1. To ascertain the political condition of the country at and after the advent of foreigners in 1853.
2. To describe the form of government of the Restoration.
3. To examine the state of commerce, industry, education and social life of Japan at each stage of her political transformations.
4. To recount the constitutional changes from the Restoration to the Promulgation of the New Constitution.
As a novice in travel marks the broad outlines, the general features and more important products of the country he visits for the first time, so I shall dwell upon the historic landmarks of Japanese constitutional development. This development no writer, native or foreign, has yet attempted to trace. I shall withstand as much as possible the temptation to refer to the multitude of events which are more or less associated with the constitutional movement. I shall endeavor to ascertain from the edicts, decrees, and proclamations of the Emperor, from the orders and manifestos of the Shogun, from the native authors and journals, from the memorials and correspondence of prominent men, both native and foreign, the trend of our constitutional development. I shall also endeavor to note the leading ideas and principles which, after manifesting themselves in various forms, have at last crystallized into the New Constitution of Japan.
Beginning of the constitutional movement.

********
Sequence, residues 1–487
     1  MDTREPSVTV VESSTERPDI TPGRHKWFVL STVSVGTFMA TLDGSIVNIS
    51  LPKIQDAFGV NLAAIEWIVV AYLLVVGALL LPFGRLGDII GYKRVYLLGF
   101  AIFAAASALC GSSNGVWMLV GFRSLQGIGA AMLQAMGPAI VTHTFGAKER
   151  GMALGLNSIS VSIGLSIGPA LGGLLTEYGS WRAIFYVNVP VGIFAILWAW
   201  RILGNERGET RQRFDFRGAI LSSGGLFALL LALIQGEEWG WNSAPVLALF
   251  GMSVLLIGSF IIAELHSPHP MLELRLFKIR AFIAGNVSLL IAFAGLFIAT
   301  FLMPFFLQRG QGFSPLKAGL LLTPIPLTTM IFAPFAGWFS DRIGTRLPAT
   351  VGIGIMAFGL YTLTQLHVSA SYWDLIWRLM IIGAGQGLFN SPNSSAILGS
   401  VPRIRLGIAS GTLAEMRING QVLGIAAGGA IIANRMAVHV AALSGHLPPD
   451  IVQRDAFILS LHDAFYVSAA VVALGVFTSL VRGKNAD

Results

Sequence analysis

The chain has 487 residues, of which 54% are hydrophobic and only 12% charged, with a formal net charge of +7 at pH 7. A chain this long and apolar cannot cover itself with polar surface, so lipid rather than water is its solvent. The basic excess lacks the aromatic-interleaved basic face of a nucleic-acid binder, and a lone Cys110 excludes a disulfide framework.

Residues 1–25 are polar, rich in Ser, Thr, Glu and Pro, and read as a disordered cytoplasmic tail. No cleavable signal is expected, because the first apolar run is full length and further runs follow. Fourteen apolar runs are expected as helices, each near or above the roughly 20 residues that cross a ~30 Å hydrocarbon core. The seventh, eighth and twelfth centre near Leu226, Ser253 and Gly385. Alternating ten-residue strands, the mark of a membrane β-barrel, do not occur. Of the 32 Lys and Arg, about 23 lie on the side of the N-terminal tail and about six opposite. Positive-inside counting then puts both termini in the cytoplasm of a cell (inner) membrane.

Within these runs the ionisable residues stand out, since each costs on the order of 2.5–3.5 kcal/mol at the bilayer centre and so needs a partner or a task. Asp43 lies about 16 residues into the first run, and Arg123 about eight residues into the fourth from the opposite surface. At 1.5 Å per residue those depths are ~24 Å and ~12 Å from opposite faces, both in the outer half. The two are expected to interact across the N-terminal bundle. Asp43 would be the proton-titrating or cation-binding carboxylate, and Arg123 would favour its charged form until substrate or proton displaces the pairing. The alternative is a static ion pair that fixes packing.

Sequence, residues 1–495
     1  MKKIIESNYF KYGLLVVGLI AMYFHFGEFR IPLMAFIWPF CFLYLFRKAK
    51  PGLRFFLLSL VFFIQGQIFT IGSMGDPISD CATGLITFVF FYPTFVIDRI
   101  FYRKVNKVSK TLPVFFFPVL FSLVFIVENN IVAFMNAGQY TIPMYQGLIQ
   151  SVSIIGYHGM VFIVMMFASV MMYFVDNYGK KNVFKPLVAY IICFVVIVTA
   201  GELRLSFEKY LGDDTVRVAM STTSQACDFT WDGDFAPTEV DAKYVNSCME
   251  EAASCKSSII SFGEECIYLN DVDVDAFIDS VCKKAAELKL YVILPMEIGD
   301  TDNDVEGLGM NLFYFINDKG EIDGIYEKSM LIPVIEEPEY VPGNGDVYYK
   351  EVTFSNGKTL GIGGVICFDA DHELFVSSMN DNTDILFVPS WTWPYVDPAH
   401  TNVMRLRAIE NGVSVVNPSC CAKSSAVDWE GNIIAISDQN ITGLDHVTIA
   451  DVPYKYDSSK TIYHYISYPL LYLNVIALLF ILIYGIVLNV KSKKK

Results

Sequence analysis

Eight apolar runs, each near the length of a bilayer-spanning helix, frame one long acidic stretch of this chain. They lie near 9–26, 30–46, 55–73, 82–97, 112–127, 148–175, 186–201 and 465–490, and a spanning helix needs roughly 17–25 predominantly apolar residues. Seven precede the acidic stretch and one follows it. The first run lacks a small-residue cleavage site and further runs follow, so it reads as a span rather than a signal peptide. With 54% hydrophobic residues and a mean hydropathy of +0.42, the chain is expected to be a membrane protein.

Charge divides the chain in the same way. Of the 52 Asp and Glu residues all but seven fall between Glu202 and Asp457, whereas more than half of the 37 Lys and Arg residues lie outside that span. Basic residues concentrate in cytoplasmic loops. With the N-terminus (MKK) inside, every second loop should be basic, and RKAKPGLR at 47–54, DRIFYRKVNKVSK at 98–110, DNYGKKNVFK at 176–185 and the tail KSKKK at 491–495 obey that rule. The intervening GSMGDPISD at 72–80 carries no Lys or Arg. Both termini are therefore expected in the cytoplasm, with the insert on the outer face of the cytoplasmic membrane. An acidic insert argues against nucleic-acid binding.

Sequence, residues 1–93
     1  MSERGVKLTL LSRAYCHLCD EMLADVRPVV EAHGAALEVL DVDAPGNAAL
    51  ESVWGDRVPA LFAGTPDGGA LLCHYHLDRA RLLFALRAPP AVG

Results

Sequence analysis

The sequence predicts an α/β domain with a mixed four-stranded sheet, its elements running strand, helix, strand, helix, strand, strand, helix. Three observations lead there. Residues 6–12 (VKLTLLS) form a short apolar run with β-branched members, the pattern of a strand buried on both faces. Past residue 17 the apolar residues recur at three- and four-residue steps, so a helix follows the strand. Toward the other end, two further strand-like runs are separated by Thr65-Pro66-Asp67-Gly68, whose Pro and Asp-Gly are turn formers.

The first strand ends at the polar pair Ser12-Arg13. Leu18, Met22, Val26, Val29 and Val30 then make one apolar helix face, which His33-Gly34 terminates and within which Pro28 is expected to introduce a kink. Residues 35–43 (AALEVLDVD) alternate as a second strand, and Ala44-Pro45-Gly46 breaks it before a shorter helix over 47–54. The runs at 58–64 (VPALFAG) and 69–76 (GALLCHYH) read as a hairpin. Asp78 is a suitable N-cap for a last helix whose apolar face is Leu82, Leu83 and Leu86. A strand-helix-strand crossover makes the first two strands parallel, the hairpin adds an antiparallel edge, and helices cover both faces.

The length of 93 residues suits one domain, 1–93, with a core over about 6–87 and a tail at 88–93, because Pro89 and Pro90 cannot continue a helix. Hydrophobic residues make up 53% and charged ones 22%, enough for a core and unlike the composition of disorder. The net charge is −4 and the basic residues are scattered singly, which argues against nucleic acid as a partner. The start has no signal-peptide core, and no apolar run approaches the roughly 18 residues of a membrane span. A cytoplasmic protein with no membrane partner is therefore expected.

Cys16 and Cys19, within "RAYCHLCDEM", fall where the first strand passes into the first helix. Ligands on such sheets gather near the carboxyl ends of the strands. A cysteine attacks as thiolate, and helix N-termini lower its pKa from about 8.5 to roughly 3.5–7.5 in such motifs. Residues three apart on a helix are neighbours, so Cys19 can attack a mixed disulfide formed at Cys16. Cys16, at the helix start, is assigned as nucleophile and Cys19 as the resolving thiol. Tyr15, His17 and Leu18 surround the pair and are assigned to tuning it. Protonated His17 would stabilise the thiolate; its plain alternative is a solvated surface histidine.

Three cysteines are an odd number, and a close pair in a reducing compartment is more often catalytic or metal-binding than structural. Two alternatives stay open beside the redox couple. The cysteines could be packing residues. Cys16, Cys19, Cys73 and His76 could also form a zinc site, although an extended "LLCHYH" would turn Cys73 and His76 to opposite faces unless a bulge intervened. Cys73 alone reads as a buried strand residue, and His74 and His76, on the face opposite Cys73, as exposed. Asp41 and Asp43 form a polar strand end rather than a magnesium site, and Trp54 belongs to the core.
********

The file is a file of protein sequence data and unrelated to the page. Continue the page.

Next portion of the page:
The constitutional movement of Japan began in a spontaneous agitation of the whole body politic when the nation was irritated by the sudden contact with foreigners. The sense of national weakness added a force to this agitation. Had not the foreigners come, the Restoration might have been effected, feudalism might have been abolished, but the new Japanese constitution would hardly have seen the day. Had the government of Japan at the time of the advent of foreigners been in the strong hand of a Taiko or an Iyeyasu, the rulers might have been greatly exercised by the extraordinary event, but public opinion for reform would hardly have been called forth, and the birth of constitutional liberty would long have been delayed. As the vices of King John and the indifference and ignorance of the first two Georges of England begat the strength and hope of the English Parliament, so the public opinion of Japan sprouted out of the ruins of the Shogunate regime. We must therefore seek for the beginning of the Constitutional Movement of Japan in the peculiar circumstances in which she found herself between 1853 and 1868.
The advent of Commodore Perry in 1853 was to Japan like the intrusion of a foreign queen into a beehive. The country was stirred to its depth. Let us note what a native chronicler says about the condition of Japan at the arrival of Perry: